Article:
From June to August this year, electric scooter accident rates have increased compared to the same period last year. Still, the increase is relatively smaller than the increase in scooter traffic, according to a National Hospital’s emergency ward report. The increase in accidents mainly consists of adults. The high accident rates on Friday and Saturday nights suggest that more education is needed on the dangers of riding scooters under the influence of alcohol or other substances.

Senior Physician at the National University Hospital’s emergency ward Hjalti Már Björnsson has issued data on scooter accidents. This summer, June, July, and August, 245 individuals sought visited the emergency ward with injuries from scooter accidents. During the same period last year, 149 scooter accidents resulted in an emergency ward visit, so the average incident rate increased from 1.6 to 2.7 per day.

Seventy-two children were injured compared to 68 last year, while the number of adults (18 years or older) rose from 81 to 173. Most of the accidents resulted in minor injuries, but four individuals were acutely admitted to the hospital. “In the majority of cases, it’s minor cuts, scrapes or sprains. We’ve had a few broken bones and some facial injuries,” Hjalti Már told Vísir.

The report notes that the increase in accidents is minor, considering the increase in scooter traffic. According to city officials and scooter rental companies, registered trips with rental scooters were just under 700,000 in the city centre during the summer of 2021. In addition, the country imported about 20,000 electric scooters over the last few years for private use. It can be assumed that about a million electric scooter trips were taken this summer. “So it seems that the number of accidents isn’t great considering the number of trips and the increase in accidents is likely relatively smaller than the increase in scooter travel,” the emergency ward report stated.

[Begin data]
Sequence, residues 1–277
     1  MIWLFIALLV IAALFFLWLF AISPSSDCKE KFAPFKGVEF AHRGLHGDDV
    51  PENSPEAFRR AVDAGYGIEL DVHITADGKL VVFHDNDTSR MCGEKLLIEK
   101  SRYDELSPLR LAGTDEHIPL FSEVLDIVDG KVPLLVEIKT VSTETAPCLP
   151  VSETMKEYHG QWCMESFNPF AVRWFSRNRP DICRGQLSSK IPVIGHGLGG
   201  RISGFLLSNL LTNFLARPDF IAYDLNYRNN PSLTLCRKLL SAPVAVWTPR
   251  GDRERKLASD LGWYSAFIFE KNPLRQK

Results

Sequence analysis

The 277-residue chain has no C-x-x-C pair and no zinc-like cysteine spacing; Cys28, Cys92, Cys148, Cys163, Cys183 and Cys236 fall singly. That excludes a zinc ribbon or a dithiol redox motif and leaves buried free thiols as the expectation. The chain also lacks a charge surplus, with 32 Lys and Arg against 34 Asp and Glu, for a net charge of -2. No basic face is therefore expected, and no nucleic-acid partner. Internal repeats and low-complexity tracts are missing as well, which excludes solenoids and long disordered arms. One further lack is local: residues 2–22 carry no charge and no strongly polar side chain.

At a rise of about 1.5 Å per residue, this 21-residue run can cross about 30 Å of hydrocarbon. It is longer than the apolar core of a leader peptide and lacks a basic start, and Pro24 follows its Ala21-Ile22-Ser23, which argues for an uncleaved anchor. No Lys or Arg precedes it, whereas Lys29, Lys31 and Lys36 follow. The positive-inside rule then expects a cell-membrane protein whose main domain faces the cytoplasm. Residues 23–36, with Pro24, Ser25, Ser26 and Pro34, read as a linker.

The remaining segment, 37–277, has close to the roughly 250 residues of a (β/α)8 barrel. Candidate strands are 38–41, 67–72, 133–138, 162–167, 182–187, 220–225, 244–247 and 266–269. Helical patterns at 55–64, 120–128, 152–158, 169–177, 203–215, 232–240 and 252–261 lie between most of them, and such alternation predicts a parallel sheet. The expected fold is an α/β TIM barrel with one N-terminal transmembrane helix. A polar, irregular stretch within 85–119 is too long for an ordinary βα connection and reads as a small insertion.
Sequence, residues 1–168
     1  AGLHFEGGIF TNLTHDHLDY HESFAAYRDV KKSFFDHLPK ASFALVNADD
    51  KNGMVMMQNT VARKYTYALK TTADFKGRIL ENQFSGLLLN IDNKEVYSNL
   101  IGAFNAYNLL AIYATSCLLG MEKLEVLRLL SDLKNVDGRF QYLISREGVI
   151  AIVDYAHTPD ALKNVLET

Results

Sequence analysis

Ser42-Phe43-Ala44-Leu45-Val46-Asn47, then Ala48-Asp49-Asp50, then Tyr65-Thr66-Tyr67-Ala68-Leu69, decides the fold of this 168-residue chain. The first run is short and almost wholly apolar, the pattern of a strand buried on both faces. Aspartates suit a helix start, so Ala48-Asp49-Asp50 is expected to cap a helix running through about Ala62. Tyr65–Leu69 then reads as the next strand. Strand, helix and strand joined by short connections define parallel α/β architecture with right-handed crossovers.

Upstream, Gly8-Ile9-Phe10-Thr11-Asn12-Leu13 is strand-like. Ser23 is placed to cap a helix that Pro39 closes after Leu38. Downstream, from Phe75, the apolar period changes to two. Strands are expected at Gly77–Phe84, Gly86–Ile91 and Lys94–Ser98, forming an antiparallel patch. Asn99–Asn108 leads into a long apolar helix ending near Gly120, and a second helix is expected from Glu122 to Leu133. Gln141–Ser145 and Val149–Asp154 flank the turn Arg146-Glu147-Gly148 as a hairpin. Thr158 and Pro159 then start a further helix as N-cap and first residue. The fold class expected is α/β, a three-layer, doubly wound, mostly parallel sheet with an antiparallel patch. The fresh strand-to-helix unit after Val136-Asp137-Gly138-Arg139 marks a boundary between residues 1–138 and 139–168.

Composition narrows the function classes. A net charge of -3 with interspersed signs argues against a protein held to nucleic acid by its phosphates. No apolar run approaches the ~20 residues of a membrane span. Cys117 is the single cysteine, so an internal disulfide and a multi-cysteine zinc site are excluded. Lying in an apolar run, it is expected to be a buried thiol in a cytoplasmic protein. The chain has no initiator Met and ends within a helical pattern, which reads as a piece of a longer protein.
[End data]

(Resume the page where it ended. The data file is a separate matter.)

While the increase in accidents is relatively small, the data indicates more accidents over the weekends. There’s an average of 2.2 accidents per day during weekdays, but during the weekend, that rate shoots up to 3.7. Half of the accidents over the weekends occur during the night, from 11 pm to 5 am. Last year, 40% of adults who were injured on electric scooters had consumed alcohol. No such data was collected this year, but the increase in accidents on weekend nights gives cause to assume that alcohol or other substance consumption is a factor.

The report points out that electric scooters are a cheap and environmentally friendly mode of transport and that capital area infrastructure needs to be strengthened to ensure passenger safety. It also urges a campaign to educate people that alcohol and electric scooters aren’t a good mix. Finally, they suggest that improved public transport during weekends might lead to a decrease in accidents.

The public is encouraged to keep a few things in mind when using the electric scooters:

  • Riding an electric scooter takes practice, just like riding a bike. Caution is advised when getting used to this mode of transport.
  • There should never be more than one passenger on a scooter.